The State of Delaware is known worldwide for its clear corporate law and predictable, fast courts. For these reasons, many non-U.S. enterprises choose Delaware to incorporate corporations or form limited liability companies (LLCs) or limited partnerships (LPs) to do business worldwide. Israel is among the leading non-U.S. jurisdictions to use Delaware corporations. In recognition of this fact, Governor Jack Markell, former Chief Justice of the Delaware Supreme Court Myron Steele, and Cynthia Kane, special assistant to the Delaware Secretary of State, have each visited Israel in the last two years. Greenberg Traurig’s Tel Aviv office was proud to take part in several events surrounding those visits to promote Delaware as an excellent and efficient choice of for Israel-related business entities. General information, in Hebrew, on why to choose Delaware as the state of incorporation or formation for your U.S.-based entity is available here.
Occasionally, Delaware corporations, LPs or LLCs can fall out of so-called “good standing” with the Delaware Secretary of State. This can happen for a variety of reasons, which may be exacerbated by the geographic distance between Israel and Delaware. While it is best to keep your Delaware company in good standing, failure to do so can be easily remedied. The Global Delaware Blog recently provided simple guidance to restoring your company to good standing in Delaware. Below are some takeaways gleaned from the provided guidance.
Owners of Delaware corporations should be sure to: (1) pay your corporation’s annual franchise taxes, (2) file a complete, annual franchise tax report on behalf of your corporation, and (3) keep a Delaware agent registered for your corporation. Failure to complete the first two steps will render your corporation “void,” which means your corporation has no operative corporate powers. Failure to complete the third step will render a corporation “forfeit.” An LLC or LP that does not take the basic maintenance steps will be rendered “cancelled.” Reviving a “void,” “forfeit,” or “cancelled” Delaware business entity is relatively straightforward, and basically involves paying back unpaid taxes and fees and making certain corrective filings. Corporate actions taken during the time period when the company was not in good standing can be restored as valid actions, once the company’s status is revived.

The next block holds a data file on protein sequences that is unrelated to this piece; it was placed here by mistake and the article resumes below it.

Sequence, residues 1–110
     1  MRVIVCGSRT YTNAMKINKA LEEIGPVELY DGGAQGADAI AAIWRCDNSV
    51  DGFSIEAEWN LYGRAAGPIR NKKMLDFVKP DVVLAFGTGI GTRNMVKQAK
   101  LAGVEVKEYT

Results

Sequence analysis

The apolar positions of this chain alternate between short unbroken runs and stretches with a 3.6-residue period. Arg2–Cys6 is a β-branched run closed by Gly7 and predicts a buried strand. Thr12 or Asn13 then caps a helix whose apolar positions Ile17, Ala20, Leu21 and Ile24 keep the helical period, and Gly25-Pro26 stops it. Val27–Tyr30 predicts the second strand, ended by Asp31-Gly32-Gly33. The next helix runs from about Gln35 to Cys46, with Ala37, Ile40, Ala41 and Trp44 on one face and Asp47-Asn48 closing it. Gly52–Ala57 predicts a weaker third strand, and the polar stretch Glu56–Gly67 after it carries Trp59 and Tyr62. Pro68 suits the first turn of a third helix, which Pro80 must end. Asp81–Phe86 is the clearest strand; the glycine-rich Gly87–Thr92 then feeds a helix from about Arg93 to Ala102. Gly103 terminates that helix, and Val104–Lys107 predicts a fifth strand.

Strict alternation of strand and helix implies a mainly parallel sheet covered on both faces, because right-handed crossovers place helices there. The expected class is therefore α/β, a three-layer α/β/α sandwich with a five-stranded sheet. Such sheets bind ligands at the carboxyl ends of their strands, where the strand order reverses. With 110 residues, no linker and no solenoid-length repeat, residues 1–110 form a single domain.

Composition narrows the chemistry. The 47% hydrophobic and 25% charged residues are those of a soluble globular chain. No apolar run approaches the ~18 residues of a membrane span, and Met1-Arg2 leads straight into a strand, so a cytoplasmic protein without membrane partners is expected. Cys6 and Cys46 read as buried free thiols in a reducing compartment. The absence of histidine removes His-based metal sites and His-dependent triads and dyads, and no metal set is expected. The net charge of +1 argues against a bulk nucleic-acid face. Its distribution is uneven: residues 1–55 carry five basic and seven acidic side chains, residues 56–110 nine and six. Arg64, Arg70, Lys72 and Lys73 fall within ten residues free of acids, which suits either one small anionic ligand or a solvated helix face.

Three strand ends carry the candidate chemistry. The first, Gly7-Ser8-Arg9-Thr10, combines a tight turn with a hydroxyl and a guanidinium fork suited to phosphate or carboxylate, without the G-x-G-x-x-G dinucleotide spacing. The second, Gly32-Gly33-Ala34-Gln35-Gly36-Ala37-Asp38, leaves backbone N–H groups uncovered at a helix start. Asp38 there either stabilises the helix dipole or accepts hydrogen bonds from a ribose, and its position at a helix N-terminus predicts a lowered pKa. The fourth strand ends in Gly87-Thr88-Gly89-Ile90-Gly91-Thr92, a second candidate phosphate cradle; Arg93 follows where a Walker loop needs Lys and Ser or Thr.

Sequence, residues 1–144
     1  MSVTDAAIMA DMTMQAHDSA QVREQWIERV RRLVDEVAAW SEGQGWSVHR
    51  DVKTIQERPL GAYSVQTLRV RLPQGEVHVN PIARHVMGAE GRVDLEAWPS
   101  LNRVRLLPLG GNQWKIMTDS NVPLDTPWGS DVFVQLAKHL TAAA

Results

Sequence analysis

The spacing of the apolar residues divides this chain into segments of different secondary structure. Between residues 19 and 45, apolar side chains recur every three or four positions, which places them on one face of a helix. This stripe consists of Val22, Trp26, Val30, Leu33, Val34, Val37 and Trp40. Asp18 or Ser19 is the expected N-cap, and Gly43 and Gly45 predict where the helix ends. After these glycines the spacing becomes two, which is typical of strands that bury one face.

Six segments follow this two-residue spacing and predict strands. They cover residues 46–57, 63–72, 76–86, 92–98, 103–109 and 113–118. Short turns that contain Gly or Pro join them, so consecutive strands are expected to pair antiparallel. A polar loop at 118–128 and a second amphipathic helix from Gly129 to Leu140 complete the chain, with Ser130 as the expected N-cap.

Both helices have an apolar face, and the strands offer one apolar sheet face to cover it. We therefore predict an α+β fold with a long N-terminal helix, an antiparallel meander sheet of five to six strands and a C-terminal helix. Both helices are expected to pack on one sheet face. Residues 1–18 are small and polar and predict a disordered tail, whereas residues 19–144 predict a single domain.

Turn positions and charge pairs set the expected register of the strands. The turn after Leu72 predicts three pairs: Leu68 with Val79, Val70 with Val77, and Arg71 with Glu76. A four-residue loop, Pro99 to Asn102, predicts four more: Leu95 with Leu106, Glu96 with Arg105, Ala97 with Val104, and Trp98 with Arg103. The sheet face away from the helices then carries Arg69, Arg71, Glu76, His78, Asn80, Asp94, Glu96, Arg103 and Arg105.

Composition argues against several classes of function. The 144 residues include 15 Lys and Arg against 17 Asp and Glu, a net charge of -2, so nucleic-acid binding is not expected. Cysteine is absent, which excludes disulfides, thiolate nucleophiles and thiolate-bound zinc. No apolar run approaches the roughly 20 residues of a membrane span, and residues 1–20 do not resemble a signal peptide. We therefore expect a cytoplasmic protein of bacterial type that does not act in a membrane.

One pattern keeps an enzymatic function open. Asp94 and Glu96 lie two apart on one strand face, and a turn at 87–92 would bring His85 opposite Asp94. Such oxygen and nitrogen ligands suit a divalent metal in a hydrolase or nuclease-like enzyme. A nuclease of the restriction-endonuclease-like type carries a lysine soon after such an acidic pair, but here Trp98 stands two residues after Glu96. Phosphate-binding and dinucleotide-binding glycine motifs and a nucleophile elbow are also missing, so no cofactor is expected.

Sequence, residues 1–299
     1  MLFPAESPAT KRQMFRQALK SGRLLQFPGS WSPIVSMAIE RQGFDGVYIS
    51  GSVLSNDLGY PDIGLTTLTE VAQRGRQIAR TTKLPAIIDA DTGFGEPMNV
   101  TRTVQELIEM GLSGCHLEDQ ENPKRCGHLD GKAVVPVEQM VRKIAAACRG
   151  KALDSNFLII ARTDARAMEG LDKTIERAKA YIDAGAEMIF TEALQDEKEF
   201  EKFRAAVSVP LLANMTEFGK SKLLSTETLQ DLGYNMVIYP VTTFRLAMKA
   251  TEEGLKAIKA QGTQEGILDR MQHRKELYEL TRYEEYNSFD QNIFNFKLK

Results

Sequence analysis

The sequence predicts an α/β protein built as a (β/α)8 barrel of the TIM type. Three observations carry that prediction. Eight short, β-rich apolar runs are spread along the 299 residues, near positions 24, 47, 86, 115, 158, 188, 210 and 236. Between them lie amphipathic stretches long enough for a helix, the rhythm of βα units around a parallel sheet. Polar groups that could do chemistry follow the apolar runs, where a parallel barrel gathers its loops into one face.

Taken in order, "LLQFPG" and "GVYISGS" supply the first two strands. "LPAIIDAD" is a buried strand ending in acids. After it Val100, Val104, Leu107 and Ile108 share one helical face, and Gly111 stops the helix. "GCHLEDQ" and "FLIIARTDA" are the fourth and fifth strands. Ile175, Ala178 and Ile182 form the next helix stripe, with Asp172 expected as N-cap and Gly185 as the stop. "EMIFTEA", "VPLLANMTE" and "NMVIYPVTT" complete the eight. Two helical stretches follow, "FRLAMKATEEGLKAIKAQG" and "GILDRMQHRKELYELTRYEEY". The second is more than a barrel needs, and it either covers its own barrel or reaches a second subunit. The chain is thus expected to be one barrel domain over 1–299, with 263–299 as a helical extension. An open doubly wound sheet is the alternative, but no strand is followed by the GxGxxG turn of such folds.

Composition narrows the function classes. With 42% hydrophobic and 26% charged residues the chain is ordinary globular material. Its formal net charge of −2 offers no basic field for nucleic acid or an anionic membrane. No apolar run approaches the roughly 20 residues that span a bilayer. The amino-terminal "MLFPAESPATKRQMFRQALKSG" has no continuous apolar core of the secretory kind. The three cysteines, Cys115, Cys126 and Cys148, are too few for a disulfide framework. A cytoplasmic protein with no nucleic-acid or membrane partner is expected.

Readers should note that void/forfeit corporations and canceled LLCs or LPs in Delaware do not enjoy name protection. In other words, while your corporation is void/forfeit or your LLC or LP is canceled, other companies can incorporate or form using your company’s name. If this happens, you will need to revive your company with a new name. Before attempting to revive your company, be sure to check with the Delaware Secretary of State to confirm whether your company’s name is still available. This will avoid extra time and money spent on the revival process.